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Son et Lumière: Bodily Fluids and Functions (Boyle, Mark/Hills, Joan), 1966

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Body and interface

If the reality of the body was investigated with the use of media, it was often also advanced as an argument against them. Body art was on the one hand an extreme example of the clinging to the precarious subjectivity and physical essentialism of the ego. Orlan's operations, on the other hand, testify to the cultural determination of every physical formation, in the truest sense of the word. It begins to become clear that the polarity posited at the beginning of this essay—between, at one end of the spectrum, using (or counteracting) media in order to demonstrate the presence and materiality of the body and, at the other extreme, exploring the immaterialities and potentialities implicit in the gradual disappearance of the real body due to the media—had its roots in the 1960s. In that decade, the foundation for the virtualization of the body had been laid in both conceptual and technological terms.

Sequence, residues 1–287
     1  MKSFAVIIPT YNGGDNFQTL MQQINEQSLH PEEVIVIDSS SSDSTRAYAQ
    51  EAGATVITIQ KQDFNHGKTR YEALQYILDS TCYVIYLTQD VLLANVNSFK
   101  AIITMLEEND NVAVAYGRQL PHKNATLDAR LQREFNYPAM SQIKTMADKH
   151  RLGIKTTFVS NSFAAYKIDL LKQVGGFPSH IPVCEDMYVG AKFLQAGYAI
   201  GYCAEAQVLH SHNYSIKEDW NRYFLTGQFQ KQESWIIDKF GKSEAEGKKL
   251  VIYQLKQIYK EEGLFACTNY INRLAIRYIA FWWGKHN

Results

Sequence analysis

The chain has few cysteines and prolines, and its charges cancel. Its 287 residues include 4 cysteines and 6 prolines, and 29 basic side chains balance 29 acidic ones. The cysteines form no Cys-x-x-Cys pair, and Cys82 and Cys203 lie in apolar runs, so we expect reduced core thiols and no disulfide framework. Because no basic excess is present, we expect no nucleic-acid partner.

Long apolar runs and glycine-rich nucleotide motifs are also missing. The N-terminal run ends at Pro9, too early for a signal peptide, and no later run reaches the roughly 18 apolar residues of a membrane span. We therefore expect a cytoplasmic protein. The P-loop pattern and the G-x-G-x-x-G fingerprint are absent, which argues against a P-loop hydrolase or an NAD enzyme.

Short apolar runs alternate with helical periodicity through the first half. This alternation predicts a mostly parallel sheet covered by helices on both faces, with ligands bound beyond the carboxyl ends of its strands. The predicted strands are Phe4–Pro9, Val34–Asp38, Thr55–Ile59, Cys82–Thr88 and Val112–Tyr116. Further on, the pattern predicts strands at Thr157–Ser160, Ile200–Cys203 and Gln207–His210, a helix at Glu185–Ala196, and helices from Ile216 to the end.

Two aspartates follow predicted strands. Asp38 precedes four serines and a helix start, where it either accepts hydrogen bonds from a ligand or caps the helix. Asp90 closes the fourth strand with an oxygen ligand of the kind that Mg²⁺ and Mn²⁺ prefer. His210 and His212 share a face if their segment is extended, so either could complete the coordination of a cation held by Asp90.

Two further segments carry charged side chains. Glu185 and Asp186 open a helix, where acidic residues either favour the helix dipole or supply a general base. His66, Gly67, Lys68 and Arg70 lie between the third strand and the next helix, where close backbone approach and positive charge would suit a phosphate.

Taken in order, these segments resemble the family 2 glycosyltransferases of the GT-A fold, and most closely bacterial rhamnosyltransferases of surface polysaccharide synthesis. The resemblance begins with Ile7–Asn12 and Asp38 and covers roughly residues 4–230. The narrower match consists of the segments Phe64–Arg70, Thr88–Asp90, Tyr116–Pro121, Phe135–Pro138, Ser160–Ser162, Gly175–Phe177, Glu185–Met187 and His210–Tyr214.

One of the earliest performances to substitute an electronic screen for the human body was delivered in the framework of expanded cinema and its practice of


consciousnessraising. «Son et Lumière: Bodily Fluids and Functions,» in which one of the first video projectors was used for art purposes, was staged by Mark Boyle and Joan Hills in Liverpool in 1966: «In the sperm sequence a couple wired to ECG (electro-cardiogram) and EEG (electroencephalogram) celebrated intercourse [hidden behind a screen], while the oscilloscopes of the ECG and EEG were televised on closed circuit television and projected with an Eidofor TV projector on to a large screen behind the couple. Thus, their heartbeats and brain waves were instantly revealed.»[64] Now as good as forgotten, this performance paradigmatically defined a central motif, namely interest in the invisible and process-based aggregate states of the body. In other words: interest in the image of the body when «viewed from the inside.»

This concentration on the body had already been reflected from a media theory point of view in Oswald Wiener's cybernetic «Bio Adapter.» Not long afterwards, the artist Jean Dupuy and the engineers Ralph Martel and Hyman Harris took first prize in a

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